All this week, we will be asking Catholic educators about the implementation of Ex Corde Ecclesiae. Today, we hear from Barbara McCrabb, assistant director for higher education of the Secretariat of Catholic Education of the United States Conference of Catholic Bishops.
The question: What have we learned from the implementation of Ex Corde Ecclesiae?
Barbara McCrabb: When Pope John Paul II launched a conversation on the nature and purpose of the Catholic university in 1990, he said each stakeholder played an integral part in the conversation. He looked to faculty, students, administrators, trustees, sponsoring religious congregations, the bishop, and his collaborators in the local Church to examine four essential characteristics of Catholic universities:
- Christian inspiration;
- On-going reflection, in the light of faith, upon human knowledge and the contribution to that knowledge through research;
- Fidelity to the Christian message, and;
- Institutional commitment to the service of others.
He affirmed Catholic higher education’s irreplaceable task and indispensable mission.
Now, twenty years later we can reflect on fundamental lessons that have emerged from this on-going conversation: personal relationships, intentionality and formation. People came together for thoughtful, animated and sometimes contentious conversation. The pope encouraged personal and pastoral relationships grounded in mutual trust, cooperation and dialogue. Bishops rose to the call to promote Catholic universities and to assist in the preservation and strengthening of Catholic identity, including the protection of Catholic identity in relation to civil authorities. University leaders re-examined institutional origins and renewed how they live out their Catholic heritage. These were graced moments for many campuses, though admittedly not without challenges. Trusting dialogue and cooperation, especially between an individual bishop and an institutional leader, bears fruit that benefits the university, the Church and society as a whole.
The development of Mission and Identity Offices demonstrates the value of intentionality. In 1990 fewer than 10 universities in the United States had a Mission and Identity Office; by 2001, when The Application for Ex Corde Ecclesiae in the United States was recognized, more than 40 universities had offices; and as of 2010, 139 of the 220 Catholic universities have Mission Identity Units, according to a study conducted by the Boston College Center for Catholic Education. The significance of these offices lies not in their existence, but in the authority, support, and activities they hold. Most offices are led by senior administrators with significant campus influence. They are funded with institutional dollars rather than temporary grant funds. These units sponsor programs and services that promote the charism of sponsoring congregations and celebrate Catholic heritage.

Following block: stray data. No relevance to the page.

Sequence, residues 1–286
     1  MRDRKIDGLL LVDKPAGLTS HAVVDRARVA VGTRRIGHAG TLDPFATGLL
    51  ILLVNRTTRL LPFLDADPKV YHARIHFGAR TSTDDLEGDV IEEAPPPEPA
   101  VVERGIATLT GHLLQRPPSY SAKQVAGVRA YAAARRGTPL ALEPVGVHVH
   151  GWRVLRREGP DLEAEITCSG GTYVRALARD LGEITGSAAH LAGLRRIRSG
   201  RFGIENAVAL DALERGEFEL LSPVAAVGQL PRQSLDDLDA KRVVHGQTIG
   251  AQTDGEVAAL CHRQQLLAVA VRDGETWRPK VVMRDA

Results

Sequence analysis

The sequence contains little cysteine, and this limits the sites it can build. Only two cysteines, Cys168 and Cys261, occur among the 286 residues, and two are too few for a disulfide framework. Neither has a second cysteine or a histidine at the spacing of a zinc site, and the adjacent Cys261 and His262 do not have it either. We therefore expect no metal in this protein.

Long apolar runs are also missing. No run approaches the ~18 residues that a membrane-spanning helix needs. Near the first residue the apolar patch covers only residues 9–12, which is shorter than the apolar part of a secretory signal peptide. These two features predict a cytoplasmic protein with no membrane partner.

This conversation about the mission and identity of a Catholic university has impacted the entire campus. Many professionals, while well trained in their discipline, often lack sophistication and formation regarding the Catholic context of the institution. Nationally led initiatives for professional development seek to build individual and institutional capacity to integrate mission so that it permeates all of campus life. These programs incorporate the principles of Ex Corde Ecclesiae in to the curriculum. For example, Colleguim offers networking opportunities and formation for faculty across disciplines on religious identity. A summer institute for campus administrators brings together seasoned Catholic administrators to share their insights with those newer to Catholic higher education. A collaborative effort among several Catholic higher education associations uses Ex Corde Ecclesiae principles to articulate best practices in student affairs. These conversations help cultivate a common language that frees stakeholders to more fully embrace the mission of their Catholic university.
Tomorrow's Interviewee: Msgr. Kevin Irwin, Dean of the School of Theology and Religious Studies at the Catholic University of America.
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